Double standard

Double standard

OK, pop quiz:
Question: Who was Osama bin Laden?
If you said something like the worst genocidal criminal since Adolf Hitler, the man personally responsible for the 9/11 attacks, which killed some 3,000 innocent people, not to mention other heinous terrorist attacks around the world, you’re correct.
Question: Who was Sheikh Ahmed Yassin?
If you said the founder and spiritual head of the terrorist group Hamas, the man responsible for countless suicide attacks and marketplace bombings against civilian targets, killing Jews and non-Jews regardless of the passports they held, you are again correct.
But while much of the world (certainly not all), celebrated the elimination of bin Laden last week by a team of specially trained U.S. Seals, news of Yassin’s death on March 22, 2004 — he was killed in an Israeli air force assault — was not met with the same enthusiasm. In fact, it was just the opposite. World leaders excoriated Israel for what they repeatedly referred to as a “targeted assassination.”
Kudos to The Israel Project for bringing this outrageous double standard to light.
Here are a few stark examples.
• Following bin Laden’s death, United Nations General Secretary Ban Ki-moon lauded the attack as a turning point in the world’s struggle against terrorism. Yet after Yassin’s death, Ban’s predecessor, Kofi Annan, condemned the Israeli attack, saying, “such actions are not only contrary to international law, but they do not help the search for a peaceful solution.”
• European Union High Representative Catherine Ashton “congratulated” the United States following President Obama’s announcement of bin Laden’s death. She said the attack “reduc[ed] the threat posed by terrorists.” But following Yassin’s death, the E.U. took aim at Israel, saying “it is not … entitled to carry out extra-judicial killings.”
• While the Vatican did not “rejoice” at news of bin Laden’s death, as its spokesman said, he noted that the al-Qaida leader’s end is a reminder of “each person’s responsibility before God and men.” After Yassin’s death, however, the Vatican said it “unites with the international community in deploring this act of violence that cannot be justified in any state of law.”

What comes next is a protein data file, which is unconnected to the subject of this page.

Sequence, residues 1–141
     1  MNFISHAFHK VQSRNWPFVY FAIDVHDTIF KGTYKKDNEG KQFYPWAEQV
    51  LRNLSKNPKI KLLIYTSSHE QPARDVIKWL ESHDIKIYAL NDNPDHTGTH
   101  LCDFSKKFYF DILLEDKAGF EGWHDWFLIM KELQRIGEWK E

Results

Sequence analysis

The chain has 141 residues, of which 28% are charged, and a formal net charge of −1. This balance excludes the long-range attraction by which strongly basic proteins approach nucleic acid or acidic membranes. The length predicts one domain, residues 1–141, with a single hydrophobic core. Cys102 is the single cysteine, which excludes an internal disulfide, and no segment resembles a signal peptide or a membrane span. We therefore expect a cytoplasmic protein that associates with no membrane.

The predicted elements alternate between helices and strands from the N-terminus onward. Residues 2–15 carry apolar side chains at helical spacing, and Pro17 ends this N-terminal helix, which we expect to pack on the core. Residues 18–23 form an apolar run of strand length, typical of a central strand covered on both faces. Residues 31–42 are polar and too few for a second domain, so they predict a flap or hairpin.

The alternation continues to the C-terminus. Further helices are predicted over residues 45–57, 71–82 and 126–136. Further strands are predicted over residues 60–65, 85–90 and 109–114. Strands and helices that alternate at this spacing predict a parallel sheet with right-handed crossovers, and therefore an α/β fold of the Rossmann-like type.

There are several other examples, but you get the point.
Both men were terrorists with blood on their hands; both preached jihad; both were taken out in targeted assassinations.
So what’s the difference between bin Laden and Yassin? Al-Qaida and Hamas?
Hamas, led by Yassin, targeted Israel; al-Qaida, led by bin Laden, targeted the rest of the Western world.
Yassin’s attacks were generally confined to Tel Aviv discos, Galilee bus stops and Jerusalem pizza shops. Bin Laden went after skyscrapers in New York, subway stations in London, resorts in Bali, embassies in Africa.
We don’t criticize world leaders for supporting the bin Laden attack. They were right to do so.
But they were categorically wrong for vilifying Israel for taking out Yassin — the real villain in that case. By supporting targeted assassinations now, only because their countries are now targeted, too, their hypocrisy is on full display.
Yes, Yassin was a blind, wheelchair-bound cleric, but those disabilities had nothing to do with his real power. Like bin Laden, he preached intolerance and murder, commanding thousands of followers. Like bin laden, he was responsible for crimes against humanity. Like bin Laden, he deserved to be brought to justice, and he was.